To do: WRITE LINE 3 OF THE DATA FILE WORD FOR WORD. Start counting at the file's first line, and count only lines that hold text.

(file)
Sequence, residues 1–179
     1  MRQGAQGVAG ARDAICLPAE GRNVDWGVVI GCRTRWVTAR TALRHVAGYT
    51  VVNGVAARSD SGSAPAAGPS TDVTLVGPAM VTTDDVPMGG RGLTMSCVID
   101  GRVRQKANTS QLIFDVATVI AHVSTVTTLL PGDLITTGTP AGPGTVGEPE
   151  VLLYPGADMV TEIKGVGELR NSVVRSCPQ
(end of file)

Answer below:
    51  VVNGVAARSD SGSAPAAGPS TDVTLVGPAM VTTDDVPMGG RGLTMSCVID